Then on Monday I’m supporting Jane for her album launch. For that occasion I will be doing a set accompanying Rosie with me and Everton on guitar. The 1st song on Jane’s new album was written after seeing a gig Rosie and I did last December just before Christmas at a tango milonga. I’m so pleased she did that it’s beautiful as is the whole album.
Here’s the latest improvisation. It’s the 3rd in a series and it’s a bit over 20 minutes long. Everything was recorded live.
Posted in gigs, music, Uncategorized, wells
Tagged ant noel, dan ashby, esperanto, everton hartley, franny mcgirr, hg wells, jane thomason, lance cross, libby cross, mr britling, rosalind moreno-parra
About 15 years ago somebody my next door neighbour I think lent me a VHS tape which contained the 3 episodes of a documentary set in Bristol in the early 60s. It was directed by John Boorman who was working for the BBC at the time. Having 2 VHS machines I took a copy for myself then nearly a decade later I transferred it to DVD and decided to put it up on youtube in a series of episodes each about 10 minutes long. It took me a number of years to get the whole thing done. There was a particularly long gap about half way through when I thought that hardly anybody seemed interested and it was too much trouble to sort it out but I persevered and eventually many people thanked me for doing it and I even corresponded a bit with one of the grandchildren of the 2 main protagonists of the documentary. So when I decided to drop out of youtube I was a bit sorry that it would be no longer available for those who were glad of the opportunity to view it.
I’ve no idea if anyone has reinstated it on any social network video sharing platform but it seemed a good idea for me to host it on my own website. Nowadays it’s more practical to place films of some length on the web so I’m going to post it in the 3 original episodes. Here is episode 1 and I think it is possibly the best of the 3.
Please note that because it’s about 49 minutes long it may take a little while to load.
You can find this now on Youtube, I don’t know if my version is better but here it is anyway I hope you like it. I have most of this series from the 80s and I will try to work my way through it. For me it starts a couple of years after I was born so it is pertinently particularly poignant for it is the story of what was happening during my life and when it gets to the 60s sometimes it still seems a bit of a shock when you go through it all. It was impossible to make sense of it then and is maybe even more impossible to make sense of later.
One thing that is clear in this first episode of the series is how white-centric the early popular breakthrough of the music was although it was essentially the elements of black American music that made the whole thing so exciting to people. It’s not until near the end of the episode that the first black artist (Little Richard) features and the division between the all black band and the well-dressed white couples who make up the audience shows clearly that a crossover between the two worlds could not possibly be depicted on a popular film.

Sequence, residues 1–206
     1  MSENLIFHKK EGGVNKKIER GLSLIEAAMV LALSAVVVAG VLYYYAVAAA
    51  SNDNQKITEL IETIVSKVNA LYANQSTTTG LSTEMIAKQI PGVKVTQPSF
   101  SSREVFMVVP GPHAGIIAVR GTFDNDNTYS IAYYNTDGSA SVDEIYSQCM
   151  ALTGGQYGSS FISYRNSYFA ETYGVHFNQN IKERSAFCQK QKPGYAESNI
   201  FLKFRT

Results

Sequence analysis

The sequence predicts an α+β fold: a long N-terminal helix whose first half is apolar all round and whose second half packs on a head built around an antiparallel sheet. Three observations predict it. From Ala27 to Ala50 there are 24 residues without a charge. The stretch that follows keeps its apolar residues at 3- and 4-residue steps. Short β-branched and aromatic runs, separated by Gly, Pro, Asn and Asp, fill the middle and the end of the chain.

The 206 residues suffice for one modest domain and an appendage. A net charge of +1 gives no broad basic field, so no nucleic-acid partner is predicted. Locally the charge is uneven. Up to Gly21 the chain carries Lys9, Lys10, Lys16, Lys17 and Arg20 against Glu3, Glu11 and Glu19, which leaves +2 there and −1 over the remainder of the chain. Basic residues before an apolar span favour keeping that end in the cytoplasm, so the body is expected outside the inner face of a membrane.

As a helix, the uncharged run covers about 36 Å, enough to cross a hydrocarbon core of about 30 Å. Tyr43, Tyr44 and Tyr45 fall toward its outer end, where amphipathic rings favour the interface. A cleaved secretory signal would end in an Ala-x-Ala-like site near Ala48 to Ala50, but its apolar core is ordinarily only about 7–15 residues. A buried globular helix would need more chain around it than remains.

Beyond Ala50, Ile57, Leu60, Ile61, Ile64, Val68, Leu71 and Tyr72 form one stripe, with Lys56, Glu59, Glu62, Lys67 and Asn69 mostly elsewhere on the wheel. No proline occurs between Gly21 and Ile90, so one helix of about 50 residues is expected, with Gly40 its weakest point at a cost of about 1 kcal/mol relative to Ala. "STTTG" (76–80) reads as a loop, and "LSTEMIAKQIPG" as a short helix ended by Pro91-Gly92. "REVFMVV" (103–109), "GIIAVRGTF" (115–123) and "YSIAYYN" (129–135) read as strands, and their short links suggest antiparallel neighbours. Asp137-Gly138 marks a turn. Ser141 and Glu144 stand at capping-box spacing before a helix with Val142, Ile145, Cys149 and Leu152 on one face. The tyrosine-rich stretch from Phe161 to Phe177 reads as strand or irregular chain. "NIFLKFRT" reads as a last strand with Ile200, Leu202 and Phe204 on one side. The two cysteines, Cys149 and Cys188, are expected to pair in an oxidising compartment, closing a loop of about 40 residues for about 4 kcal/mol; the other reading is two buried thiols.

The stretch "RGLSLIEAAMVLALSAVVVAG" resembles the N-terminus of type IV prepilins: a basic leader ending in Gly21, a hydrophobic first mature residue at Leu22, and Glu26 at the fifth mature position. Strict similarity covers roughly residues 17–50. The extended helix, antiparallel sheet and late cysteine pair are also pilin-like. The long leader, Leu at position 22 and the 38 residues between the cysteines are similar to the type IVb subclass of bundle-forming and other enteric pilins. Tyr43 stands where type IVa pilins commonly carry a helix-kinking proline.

i like the way in my cd collection that my music nestles between different artists depending on which name i categorise myself under. with neureille i’m there between meshell ndegeocello and nico which seems pretty cool and then with robert vasey i snuggle between sharon van etten and ralph vaughan williams. so if i have to come up with another band name i’ll go for moling. that’s not too bad really. it’s easier to pronounce than my current effort,
one of the things i learnt today is that ralph vaughan williams set a number of verses by walt whitman to music dona nobis pacem for example. i also learnt that rvw fought during world war 1 having initially enlisted as a private/stretcher-bearer although he was old enough to have got dispensation. i’m reading 2 books at the moment 1 about ww1 which is hg wells’ mr britling sees it through which i’ve read before and is a good way of getting in to the mindset of what it was actually like back then and then there’s william t vollman’s book europe central which is reaching back to ww2 from the future but wtv is good at doing that.
if you look at certain factors leading up to 1914 and similarly to 1939 then both of these events seem inevitable. but at the time it was easy to have an optimistic faith in human progress that was unable to believe in the latent possibilities of horror. hopefully we’re not right now just entering a phase like that. all the 60 years of my life it’s seemed like it could happen pretty much just any time.
having also just finished reading philip k dick’s the man in the high castle which is about what would have happened if the axis powers had won ww2, i hope that this is not an omen but if it does happen then you read it first here, or if not i wrote it first here.
Here’s another this time shorter improvisation.
Here is a live recorded session with something I’ve been experimenting with for a little while where I use a loop pedal to loop on vocals as well as guitar. It’s early days and it needs a bit more work and in particular I need to get out to some open mic nights and play it live here and there.
There’s about 12 and a half minutes of improvised jiggly bits firstly a version of a piece of mine which is called beech trunk for reasons which I have documented earlier (the film may have to be re-filmed). And then I capped that off with a spontaneous piece in D (carrying on in that vein) which I shall call On A Sunday Soon because that’s the only meaningful/recognisable lyric in the inclusion. Occasionally cars drive past outside and they add ambient textures of drive-past determination.
I am going to Brazil in a few days time and will try to bring some things back to share with those of you who are prepared for that sort of article.
There’s a fair bit of clapping/slapping in the recording which is my foot on the pedal of the loop pedal. I could do that quieter but I like to make it clear what’s happening to emphasise the live and spontaneous nature of the performance.
I’m being very slow about the restoration of my videos but one that called out to be done was one which is called may which was found on a post dated March 14th 2012. I’ve restored it to the post and am duplicating here too as it’s more fitted to a May post. I thought of it for I was walking past the very spot earlier today where I filmed it. The scene was much quieter than is shown in the film. I think when I filmed it, it was much warmer, maybe it was later in the month.
I’ve got a pile of videos I want to put up just need to get a production line working. If I can get another 2 up before the end of May then I will be doing well with all the other things I have to do this month.